The judges were Roddy Lumsden, Glyn Maxwell and Zoe Skoulding - a good mix. The anthology comprises 3 prizewinners and 8 commended poems from over 13,000 sent. 4 are in couplets, 1 in triplets and 2 in quadruplets. Another was in 4 sections, the lengths being 8/10/7/6 lines of near-equal length. No poems had lines that varied much in length. The most common magazines mentioned in the bios were "The Rialto", "Ink, Sweat & Tears" and "Magma". The poems and videos of them are available
Of the winning poem, "Corkscrew Hill Photo" by Roger Philip Dennis, a judge wrote "I couldn't place it geographically or timewise (does it jump backwards and forwards?), but that didn't matter." which is fair enough. I had trouble with its imagery though. In "A thick drizzle / trickles rivulets down the window pane,/ smears distance on fields, curtains-off hills / and greens the sagged thatch" there's redundancy in the initial description, and I'm surprised that the rain makes the thatch look green (I guess eventually the rain will provoke moss). In any case "smears distance" etc it's unoriginal.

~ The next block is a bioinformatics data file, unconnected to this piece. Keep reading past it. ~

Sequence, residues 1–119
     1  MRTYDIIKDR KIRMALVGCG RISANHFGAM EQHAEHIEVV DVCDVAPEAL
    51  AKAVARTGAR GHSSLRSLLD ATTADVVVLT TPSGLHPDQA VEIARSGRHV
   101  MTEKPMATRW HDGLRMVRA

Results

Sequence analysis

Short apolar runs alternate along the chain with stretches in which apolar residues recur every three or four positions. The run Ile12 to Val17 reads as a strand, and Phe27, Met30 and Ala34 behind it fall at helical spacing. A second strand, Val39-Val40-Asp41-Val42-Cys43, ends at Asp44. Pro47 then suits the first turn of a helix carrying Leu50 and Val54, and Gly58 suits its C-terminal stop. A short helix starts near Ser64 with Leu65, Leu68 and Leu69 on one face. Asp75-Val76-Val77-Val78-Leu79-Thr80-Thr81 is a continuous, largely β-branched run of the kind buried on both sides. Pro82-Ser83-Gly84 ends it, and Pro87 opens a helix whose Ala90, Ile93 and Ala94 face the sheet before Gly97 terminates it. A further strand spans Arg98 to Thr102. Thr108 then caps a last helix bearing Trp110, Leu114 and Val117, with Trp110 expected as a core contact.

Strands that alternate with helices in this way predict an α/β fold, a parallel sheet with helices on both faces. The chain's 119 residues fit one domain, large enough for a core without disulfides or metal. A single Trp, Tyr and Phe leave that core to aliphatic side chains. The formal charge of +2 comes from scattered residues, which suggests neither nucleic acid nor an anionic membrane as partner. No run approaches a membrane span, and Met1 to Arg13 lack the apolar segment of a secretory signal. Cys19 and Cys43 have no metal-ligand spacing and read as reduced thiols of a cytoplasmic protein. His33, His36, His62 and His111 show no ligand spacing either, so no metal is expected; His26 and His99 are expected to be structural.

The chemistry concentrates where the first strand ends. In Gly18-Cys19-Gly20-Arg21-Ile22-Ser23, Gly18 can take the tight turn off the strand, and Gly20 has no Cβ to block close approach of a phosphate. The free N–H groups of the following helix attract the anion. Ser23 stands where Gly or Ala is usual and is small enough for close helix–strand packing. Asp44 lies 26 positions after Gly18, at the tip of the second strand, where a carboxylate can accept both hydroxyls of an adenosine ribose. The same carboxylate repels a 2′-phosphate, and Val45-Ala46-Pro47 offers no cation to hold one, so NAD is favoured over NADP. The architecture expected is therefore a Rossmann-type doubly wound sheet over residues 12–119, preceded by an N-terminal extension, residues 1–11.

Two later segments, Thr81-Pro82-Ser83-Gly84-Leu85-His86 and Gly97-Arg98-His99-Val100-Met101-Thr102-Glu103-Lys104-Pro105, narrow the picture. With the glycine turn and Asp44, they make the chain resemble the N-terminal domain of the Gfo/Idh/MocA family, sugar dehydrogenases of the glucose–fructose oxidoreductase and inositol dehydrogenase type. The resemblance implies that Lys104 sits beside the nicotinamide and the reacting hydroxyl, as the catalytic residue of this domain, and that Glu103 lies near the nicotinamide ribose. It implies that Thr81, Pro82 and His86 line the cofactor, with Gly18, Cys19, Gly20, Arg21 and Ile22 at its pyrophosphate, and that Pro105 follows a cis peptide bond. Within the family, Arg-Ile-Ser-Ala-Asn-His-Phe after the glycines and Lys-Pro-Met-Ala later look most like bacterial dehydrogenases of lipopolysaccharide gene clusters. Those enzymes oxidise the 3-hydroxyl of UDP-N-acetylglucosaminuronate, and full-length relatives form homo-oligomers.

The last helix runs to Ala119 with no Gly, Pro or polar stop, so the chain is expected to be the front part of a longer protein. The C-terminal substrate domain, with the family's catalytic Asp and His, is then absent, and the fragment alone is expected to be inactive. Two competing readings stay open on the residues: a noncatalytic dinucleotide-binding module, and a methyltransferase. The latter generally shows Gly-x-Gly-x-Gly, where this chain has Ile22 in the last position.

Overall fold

Contrast that with the apposite imagery of "Cat on the Tracks" by Mark Pajak, where the cat "sat on a rung/ between the rails, tail wisping like smoke/ as a distant train split the air along its seam./ Its coming headlight laid down track/ and placed an opal into each black seed/ of the cat’s eyes, every blink slow as an eclipse./ ... The world lit up like a page/ and the train a sentence before the full-stop.". Not strikingly original, but there's a stream of successful images.
I thought "Last exit to Luton" (which came 3rd) was the most so-what poem. Jonathan Tel's "Ber Lin" reminded me of Jack Underwood's "Thank you for your email", using the conventions of prose - to write prose? And "Day Trippin'" is an anecdote that a prose format would make more sincere and concise.
Given the short-list, I might have put Paul Nemser's "After the Calm" first.